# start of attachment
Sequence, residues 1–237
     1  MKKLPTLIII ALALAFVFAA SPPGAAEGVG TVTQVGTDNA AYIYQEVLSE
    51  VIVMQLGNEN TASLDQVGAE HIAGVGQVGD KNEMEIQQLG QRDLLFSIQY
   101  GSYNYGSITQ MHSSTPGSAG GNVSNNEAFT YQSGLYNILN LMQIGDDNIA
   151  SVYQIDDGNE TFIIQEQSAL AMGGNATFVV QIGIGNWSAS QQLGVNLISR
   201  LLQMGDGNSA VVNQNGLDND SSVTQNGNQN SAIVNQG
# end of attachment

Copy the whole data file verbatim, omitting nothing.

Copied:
Sequence, residues 1–237
     1  MKKLPTLIII ALALAFVFAA SPPGAAEGVG TVTQVGTDNA AYIYQEVLSE
    51  VIVMQLGNEN TASLDQVGAE HIAGVGQVGD KNEMEIQQLG QRDLLFSIQY
   101  GSYNYGSITQ MHSSTPGSAG GNVSNNEAFT YQSGLYNILN LMQIGDDNIA
   151  SVYQIDDGNE TFIIQEQSAL AMGGNATFVV QIGIGNWSAS QQLGVNLISR
   201  LLQMGDGNSA VVNQNGLDND SSVTQNGNQN SAIVNQG